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It is widely disseminated that if you can take the science out of an SF story and still tell the story, it’s not truly SF. (For the purposes of this discussion, we’ll assume the same theory holds for fantasy.) I myself have believed for a long time that this is a valid, albeit somewhat simplistic, test. But now I wonder.

You see, there has been a lot of “science fiction” that does not really contain any “science.” So what do you call it? Star Wars is a prime example, with many characterizing it as “science fantasy” because it has the trappings of SF, but upon any review its science is well, bad.* Look at the spaceships: They don’t fly right. They act as though they’re in an atmosphere instead of a vacuum. (We’ll ignore the sounds. That’s artistic license.) And it’s based on “the Force,” a mystical energy field (later retconned to be some kind of micro-particles in your blood, but no one believes that). So is it science fiction? Or is it fantasy with spaceships?

I’m a fan of the 50s B&W monster movies I used to watch on “Creature Features.”** Giant ants, spiders, gila monsters, teenagers… Really, even I wasn’t buying it. But it was considered science fiction. Why? The science was worse than what you see in Star Wars. You couldn’t take the science out to see if the story could still be told, because there was no science. And yet we call it SF to this day. (And yes, that applies to Godzilla, too–all the versions.)

The question becomes, then: How do you test a story for being science fiction if there is no recognizable science in the story in the first place?

I guess you could try to recategorize Them! and Tarantula and Village of the Giants as science fantasy, but good luck.*** That ship has sailed (or launched). Better, I think, to avoid ironclad definitions and hope that the next generation of SF is better than some of the things that have gone before.

Or has that ship launched, too?

*When I say Star Wars, I mean the original. Since the first trilogy, it’s only gotten progressively worse.

**Creature Features was cancelled, and years later, revived. Ironically, the host of the new show was a friend of mine.

***These three movies share a distinction: Each had an actor who went on to achieve fame. (Them! actually had a couple.) Points if you can name them.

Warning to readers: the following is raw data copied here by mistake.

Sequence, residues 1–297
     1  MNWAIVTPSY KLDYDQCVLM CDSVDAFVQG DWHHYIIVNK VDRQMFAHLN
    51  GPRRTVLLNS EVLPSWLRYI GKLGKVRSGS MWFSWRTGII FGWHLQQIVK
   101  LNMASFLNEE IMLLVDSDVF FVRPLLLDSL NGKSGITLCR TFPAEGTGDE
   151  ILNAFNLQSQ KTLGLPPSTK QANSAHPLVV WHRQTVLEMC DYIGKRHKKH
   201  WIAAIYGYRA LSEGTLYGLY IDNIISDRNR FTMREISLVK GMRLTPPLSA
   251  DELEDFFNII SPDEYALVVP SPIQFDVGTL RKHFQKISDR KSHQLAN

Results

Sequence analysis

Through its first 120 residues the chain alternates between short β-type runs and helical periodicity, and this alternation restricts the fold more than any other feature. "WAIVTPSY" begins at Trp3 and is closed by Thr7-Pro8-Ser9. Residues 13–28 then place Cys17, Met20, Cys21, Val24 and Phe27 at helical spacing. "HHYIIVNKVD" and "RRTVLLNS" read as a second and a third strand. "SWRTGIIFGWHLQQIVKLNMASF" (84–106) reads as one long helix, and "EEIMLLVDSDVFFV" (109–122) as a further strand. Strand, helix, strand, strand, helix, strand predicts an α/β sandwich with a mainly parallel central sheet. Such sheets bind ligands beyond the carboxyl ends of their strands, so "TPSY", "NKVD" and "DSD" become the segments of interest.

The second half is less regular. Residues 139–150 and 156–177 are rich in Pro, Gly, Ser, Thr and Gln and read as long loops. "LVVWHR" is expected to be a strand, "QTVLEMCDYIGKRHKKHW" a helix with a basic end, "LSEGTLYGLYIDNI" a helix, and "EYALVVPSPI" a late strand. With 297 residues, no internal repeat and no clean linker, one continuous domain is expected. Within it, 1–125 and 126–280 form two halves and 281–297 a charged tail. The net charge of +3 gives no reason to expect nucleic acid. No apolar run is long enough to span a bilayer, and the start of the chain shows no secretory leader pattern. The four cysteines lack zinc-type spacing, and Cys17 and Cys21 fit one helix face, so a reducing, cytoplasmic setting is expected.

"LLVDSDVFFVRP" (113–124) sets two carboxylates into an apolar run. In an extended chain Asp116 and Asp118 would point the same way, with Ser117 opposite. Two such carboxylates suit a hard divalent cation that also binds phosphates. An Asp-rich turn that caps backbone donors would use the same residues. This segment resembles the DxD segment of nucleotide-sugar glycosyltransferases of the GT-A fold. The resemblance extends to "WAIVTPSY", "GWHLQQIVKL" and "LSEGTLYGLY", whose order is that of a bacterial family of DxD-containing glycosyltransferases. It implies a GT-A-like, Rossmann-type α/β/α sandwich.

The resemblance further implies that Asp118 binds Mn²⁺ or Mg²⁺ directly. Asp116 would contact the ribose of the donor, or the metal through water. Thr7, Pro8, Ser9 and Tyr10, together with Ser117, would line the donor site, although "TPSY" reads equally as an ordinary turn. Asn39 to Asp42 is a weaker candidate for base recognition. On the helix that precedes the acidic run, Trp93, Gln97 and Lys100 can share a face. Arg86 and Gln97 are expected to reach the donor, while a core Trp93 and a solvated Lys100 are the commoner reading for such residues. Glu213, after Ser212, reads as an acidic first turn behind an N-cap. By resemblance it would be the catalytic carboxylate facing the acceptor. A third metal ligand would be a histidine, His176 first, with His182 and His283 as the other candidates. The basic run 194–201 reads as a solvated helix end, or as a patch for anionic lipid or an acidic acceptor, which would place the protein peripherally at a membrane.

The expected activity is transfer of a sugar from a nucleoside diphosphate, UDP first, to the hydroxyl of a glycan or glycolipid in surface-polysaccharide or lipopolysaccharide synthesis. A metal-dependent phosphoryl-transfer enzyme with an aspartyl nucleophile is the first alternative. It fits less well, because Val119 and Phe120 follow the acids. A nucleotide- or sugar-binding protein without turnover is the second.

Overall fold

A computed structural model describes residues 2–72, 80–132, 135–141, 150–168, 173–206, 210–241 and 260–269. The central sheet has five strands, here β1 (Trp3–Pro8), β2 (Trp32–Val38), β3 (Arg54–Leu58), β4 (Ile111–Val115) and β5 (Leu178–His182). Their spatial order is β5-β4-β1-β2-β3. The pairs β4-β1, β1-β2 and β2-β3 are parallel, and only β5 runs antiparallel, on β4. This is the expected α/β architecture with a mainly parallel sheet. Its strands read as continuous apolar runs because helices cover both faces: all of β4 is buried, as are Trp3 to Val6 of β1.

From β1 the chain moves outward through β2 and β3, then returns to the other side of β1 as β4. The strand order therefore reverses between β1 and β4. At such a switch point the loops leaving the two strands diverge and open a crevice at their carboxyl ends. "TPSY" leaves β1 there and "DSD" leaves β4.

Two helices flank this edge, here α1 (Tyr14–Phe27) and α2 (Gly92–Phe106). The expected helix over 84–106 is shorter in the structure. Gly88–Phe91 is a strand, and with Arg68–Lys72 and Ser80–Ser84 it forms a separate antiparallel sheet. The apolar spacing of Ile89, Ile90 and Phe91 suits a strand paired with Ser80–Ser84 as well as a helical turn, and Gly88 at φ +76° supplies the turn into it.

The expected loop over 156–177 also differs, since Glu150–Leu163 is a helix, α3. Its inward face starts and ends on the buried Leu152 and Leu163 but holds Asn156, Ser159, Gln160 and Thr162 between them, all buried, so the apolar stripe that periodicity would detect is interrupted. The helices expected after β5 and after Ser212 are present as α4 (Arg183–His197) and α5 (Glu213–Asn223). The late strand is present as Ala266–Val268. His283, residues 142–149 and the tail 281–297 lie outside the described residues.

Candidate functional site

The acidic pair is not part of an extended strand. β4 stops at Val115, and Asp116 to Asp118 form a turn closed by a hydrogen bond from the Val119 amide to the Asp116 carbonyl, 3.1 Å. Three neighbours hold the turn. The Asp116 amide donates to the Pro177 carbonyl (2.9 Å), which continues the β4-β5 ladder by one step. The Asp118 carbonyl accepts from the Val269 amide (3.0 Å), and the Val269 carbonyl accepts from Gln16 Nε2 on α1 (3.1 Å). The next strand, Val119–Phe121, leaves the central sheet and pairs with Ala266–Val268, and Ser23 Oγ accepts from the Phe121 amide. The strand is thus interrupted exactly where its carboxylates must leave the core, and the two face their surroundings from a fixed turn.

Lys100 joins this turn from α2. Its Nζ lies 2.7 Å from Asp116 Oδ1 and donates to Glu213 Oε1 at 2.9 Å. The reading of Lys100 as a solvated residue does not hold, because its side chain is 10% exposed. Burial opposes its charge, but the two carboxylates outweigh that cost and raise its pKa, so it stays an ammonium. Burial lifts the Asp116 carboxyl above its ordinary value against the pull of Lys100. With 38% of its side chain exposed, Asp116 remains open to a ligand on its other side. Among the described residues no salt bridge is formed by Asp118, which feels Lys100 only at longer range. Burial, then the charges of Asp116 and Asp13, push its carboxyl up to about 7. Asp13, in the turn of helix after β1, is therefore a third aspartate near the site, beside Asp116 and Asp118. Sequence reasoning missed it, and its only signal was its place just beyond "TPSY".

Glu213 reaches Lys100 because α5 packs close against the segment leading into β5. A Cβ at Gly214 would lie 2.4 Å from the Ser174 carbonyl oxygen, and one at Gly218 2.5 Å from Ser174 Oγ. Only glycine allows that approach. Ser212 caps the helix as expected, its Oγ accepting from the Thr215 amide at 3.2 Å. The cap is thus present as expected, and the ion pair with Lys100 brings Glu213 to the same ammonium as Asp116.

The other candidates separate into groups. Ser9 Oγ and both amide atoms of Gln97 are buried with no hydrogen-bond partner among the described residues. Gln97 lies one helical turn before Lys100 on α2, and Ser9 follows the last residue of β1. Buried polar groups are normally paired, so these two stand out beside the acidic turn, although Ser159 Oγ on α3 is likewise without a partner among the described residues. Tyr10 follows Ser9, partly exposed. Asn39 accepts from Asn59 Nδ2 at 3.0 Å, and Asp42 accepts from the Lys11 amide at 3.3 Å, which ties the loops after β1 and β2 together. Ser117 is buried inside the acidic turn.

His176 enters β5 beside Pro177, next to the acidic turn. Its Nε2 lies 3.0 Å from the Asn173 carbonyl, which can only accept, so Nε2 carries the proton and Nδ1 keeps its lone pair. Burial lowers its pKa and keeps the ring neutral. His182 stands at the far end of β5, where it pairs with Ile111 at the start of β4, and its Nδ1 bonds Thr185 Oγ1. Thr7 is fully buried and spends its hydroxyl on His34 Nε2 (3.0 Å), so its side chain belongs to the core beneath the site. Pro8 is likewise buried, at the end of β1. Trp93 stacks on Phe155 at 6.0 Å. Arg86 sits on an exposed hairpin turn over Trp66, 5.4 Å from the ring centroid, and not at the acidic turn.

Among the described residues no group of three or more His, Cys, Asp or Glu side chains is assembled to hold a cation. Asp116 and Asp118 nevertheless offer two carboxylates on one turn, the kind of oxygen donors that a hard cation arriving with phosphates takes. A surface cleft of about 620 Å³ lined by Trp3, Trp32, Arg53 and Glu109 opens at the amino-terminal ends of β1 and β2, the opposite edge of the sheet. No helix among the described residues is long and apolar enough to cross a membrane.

#SFWApro

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Although I have famously said about ideas, “It’s not where they come from that matters. It’s where they go,” this has inexplicably failed to stem the tide of people asking authors, “Where do your ideas come from?” (I know, I can’t explain it either.) Normally, I would avoid this subject, or simply admit that no one really knows, but…

Ideas come from the oddest places. Sometimes they are not even fully-formed ideas, but simply notions that come to mind and are written down, possibly to be re-examined and combined with other notions that together compile an idea. Case in point: The other morning I woke up and said to my wife, “There are no baristas in Hell.”

Being far too experienced to be fazed by anything I say, particularly first thing in the morning, she simply replied: “That means you can’t get a latte.” Which, as need not be said, is pretty much the definition of Hell in a nutshell.

Interestingly, I took the phrase to mean that baristas (like nurses) are too good to go to Hell. She took it to mean that there’s no way to get a good coffee drink there (although she said she could easily see my point, as baristas are paragons of patience). Both are valid interpretations, and either may be useful someday, whether alone or combined.

I believe there are two conclusions to be drawn here: One, ideas come, often as not, from your subconscious, which explains why no one can answer the question. And two, it is more important where they go, because two people can take the same notion and drag it into two completely directions. This is why Shakespeare was able to steal so many ideas and make them work. This why all of us emulate Shakespeare, at least in this one respect.

Where will this notion go? Will it go anywhere at all? Beats me, all I know is this:

There are no good story ideas in Hell.

Run with it.

#SFWApro